One of the important points of the 2002 Sun City peace agreement, which followed the end of the Second Congo War, was the creation of a new unified national army, the Forces Armées de la République du Congo (FARDC), which was supposed to integrate the various fighting forces.

"However, rather than create a unified army, former adversaries maintained their command structures and continued their struggles," said Kasper Hoffmann, of the Danish Institute for International Studies.

In 2009, several United Nations officials stated that the army was a major problem, largely due to "ill-trained men", and corruption resulting in food and pay meant for soldiers being diverted, according to journalist Adam Hochschild.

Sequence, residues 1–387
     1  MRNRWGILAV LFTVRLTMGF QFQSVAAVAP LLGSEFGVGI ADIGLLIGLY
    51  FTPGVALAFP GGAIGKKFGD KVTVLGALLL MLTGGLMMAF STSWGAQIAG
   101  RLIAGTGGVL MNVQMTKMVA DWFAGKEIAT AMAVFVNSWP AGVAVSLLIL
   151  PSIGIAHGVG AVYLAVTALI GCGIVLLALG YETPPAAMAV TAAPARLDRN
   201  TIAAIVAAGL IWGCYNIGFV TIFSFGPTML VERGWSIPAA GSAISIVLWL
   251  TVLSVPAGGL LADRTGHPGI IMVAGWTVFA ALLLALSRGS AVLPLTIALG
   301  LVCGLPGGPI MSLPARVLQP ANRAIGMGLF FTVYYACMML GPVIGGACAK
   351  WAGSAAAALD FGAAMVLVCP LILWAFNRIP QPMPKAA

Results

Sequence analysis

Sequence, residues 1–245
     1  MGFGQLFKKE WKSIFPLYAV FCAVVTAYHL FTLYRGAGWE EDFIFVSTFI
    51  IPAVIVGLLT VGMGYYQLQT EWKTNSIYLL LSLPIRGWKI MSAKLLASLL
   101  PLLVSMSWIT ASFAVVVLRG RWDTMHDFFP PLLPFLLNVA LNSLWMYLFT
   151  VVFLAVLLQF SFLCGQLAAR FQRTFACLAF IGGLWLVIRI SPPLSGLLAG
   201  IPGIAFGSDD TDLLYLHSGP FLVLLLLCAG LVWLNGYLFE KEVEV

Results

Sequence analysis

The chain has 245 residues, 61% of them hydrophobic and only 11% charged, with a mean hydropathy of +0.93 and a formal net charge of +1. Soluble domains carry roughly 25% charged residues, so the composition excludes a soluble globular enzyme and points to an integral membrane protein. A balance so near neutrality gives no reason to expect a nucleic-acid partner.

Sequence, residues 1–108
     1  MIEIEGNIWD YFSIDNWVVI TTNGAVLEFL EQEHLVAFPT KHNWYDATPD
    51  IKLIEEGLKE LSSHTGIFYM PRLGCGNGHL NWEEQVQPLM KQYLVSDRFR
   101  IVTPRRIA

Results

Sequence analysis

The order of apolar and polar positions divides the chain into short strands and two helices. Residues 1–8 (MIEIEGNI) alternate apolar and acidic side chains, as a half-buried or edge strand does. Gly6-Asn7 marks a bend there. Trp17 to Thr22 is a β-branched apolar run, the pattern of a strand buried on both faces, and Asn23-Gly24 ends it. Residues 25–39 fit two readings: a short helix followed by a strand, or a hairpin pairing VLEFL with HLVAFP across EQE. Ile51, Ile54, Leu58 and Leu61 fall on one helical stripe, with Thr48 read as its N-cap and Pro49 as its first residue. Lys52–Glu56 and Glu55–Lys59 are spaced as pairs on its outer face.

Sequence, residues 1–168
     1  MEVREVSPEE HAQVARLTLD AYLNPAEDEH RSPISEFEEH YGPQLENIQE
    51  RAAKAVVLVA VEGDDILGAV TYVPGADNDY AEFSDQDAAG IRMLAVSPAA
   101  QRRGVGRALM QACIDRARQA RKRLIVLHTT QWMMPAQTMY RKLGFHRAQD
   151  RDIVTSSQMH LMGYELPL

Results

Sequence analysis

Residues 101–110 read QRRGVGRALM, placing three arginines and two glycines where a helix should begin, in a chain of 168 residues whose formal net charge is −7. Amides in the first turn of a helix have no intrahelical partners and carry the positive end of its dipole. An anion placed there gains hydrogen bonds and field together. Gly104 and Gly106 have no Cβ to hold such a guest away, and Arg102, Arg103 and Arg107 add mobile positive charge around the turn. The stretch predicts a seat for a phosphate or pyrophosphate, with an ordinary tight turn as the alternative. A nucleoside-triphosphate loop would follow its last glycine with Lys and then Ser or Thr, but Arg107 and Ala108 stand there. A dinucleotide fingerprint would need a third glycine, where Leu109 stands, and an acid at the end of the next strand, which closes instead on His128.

The FARDC, which has between 144,000 and 159,000 personnel, has been accused by human rights groups of involvement in criminal activities, but the government denies the accusations.

Armed groups in DRC
A Congolese armed forces (FARDC) soldier poses for a photograph during their battle with M23 rebels in Kibati village outside Goma in the eastern DRC, in August 2013.REUTERS/Thomas Mukoya